The book is about adultery, amongst other things, but Theresa has had a tough life really as she was farmed out to her father’s sister as a very small baby. She ends up being married off to her cousin before she knows anything about life and men, and let’s face it – it was never going to be a success given the fact that she had shared a bed with her cousin/husband as a child.

When Therese forms a liason with one of her husband’s work colleagues they take things too far and disaster ensues. The lovers are conscience stricken and racked with guilt they descend into horror.

I know, it doesn’t exactly sound like a barrel of laughs but it is a good read and I’m looking forward to reading the only other Zola book which I have at the moment – Nana, sometime soonish.

Germinal by Emile Zola

Germinal was first published in 1883 and at 536 pages I must admit that I thought I might have bitten off more than I could chew considering this was my first foray into French literature. However, the pages whizzed past and I must put in a good word for Roger Pearson who made such a smooth job of the translating. I especially liked the fact that he used the Scottish word ‘piece’ meaning sandwich.

I really enjoyed reading this book, although that does seem a strange thing to say because there certainly isn’t much joy around. Things just lurch from bad to horrendous.

The story begins with Etienne Lantier, an unemployed mechanic walking through the countryside on a freezing cold dark night, penniless and starving. When he reaches a mining complex he is interested in the lay-out of the place and hopes he might be able to find work there, which he does.

After his first shift he decides that the work is too hard and that he will move on, but when he realizes that the miners and their families are in dire straits, he decides to stay on, hoping that he will become a leader of the miners eventually.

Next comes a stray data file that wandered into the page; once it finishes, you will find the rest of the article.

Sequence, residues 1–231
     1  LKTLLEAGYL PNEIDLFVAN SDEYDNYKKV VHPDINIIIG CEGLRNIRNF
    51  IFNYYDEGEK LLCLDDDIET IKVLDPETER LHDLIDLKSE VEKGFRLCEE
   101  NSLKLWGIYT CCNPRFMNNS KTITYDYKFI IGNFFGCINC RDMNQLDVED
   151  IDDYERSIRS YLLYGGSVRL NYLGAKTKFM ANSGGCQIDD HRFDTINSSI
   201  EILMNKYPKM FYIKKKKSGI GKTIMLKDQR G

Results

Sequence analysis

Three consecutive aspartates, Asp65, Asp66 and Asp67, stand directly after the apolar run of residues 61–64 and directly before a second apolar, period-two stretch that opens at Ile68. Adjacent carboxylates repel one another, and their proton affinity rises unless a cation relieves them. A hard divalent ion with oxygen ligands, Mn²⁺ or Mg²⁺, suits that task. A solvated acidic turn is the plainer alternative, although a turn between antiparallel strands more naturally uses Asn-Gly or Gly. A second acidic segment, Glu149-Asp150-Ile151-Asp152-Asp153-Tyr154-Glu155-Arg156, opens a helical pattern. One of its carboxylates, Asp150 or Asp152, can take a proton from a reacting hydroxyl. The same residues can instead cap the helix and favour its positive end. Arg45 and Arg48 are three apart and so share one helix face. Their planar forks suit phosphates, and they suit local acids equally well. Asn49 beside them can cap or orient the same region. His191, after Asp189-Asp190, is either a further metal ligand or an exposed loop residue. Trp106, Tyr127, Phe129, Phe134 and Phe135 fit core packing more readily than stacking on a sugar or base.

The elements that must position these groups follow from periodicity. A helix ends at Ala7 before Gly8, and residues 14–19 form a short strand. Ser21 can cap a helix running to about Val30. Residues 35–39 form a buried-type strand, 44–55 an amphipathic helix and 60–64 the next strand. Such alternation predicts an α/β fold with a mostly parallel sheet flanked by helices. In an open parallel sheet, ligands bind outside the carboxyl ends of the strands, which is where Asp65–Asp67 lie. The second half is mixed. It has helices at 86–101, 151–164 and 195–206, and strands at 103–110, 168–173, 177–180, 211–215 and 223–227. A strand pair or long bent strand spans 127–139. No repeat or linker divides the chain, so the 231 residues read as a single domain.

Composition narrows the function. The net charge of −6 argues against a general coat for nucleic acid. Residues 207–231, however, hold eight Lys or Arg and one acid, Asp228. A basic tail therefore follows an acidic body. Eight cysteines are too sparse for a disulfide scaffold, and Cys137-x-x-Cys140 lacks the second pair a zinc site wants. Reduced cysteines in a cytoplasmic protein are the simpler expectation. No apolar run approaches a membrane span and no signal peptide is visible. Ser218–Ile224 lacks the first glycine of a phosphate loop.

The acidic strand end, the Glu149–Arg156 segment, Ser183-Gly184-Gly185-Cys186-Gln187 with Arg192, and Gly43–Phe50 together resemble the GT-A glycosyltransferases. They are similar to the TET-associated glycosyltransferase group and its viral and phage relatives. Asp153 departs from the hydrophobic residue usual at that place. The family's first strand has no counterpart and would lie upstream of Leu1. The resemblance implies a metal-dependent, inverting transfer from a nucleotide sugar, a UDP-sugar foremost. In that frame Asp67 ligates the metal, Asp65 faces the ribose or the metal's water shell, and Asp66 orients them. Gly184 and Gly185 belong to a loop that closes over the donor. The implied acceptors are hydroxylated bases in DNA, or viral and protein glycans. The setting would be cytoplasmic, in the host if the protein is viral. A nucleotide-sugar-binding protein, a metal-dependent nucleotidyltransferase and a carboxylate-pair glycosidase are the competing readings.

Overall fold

Zola writes very realistically of the bitching and gossiping which goes on in a small close-knit community. You can’t help thinking that the French workers don’t seem to have benefited at all from the French Revolution. The contrast between the miners and the mine owners is vast. Zola seems to be a sort of French version of Charles Dickens, highlighting the appalling working conditions of the common man. However M. Hennebeau is lonely in a loveless marriage with an adulterous wife and can’t help envying the miners their ‘free-love’ lifestyle. The grass is always greener.

Things come to a head when the mine owners inflict what amounts to a pay cut on the workers, who already couldn’t make ends meet and the workers go on strike with Etienne as their leader.

I think Zola got the confrontational scenes with the army just right, showing how quickly desperate people lose control in a mob. The despised shop owner comes to a very nasty end at the hands of the women who are a rough bunch due to their circumstances. His depiction of the Chaval-Catherine relationship is so well observed and frankly depressing as the abused Catherine sticks to her abuser for fear of finding something worse without him and ending up a prostitute. Plus ca change – as they say.

At the end of the book Etienne is thinking of a future when the workers will organise themselves into unions and win the day.

I’m sure I would never have got around to reading Zola without the Classics Circuit, so a big thank-you again and I’ll definitely be reading more of his.

I’m going off at a complete tangent here.

Etienne couldn’t be expected to imagine having to contend with the likes of Margaret Thatcher, who in the 1980s decided to close down all the mines in Britain, and reader, she did it.

I had such a feeling of deja vu whilst reading Germinal because we live in what was a coal mining district and the conditions were terrible even in the 1980s. The mine which was about half a mile from us went under the North Sea and the workers had to crawl for about an hour before getting to the coal face. It was too cramped to stand up and of course they weren’t paid until they reached the coal face. Then they used pneumatic drills (jack hammers) so the noise was horrible. But still they fought for their jobs, they didn’t have to face the army as in Germinal. It was the police on horses. Soldiers wouldn’t have been as bad. We all contributed money to the strike fund but Maggie got her way in the end.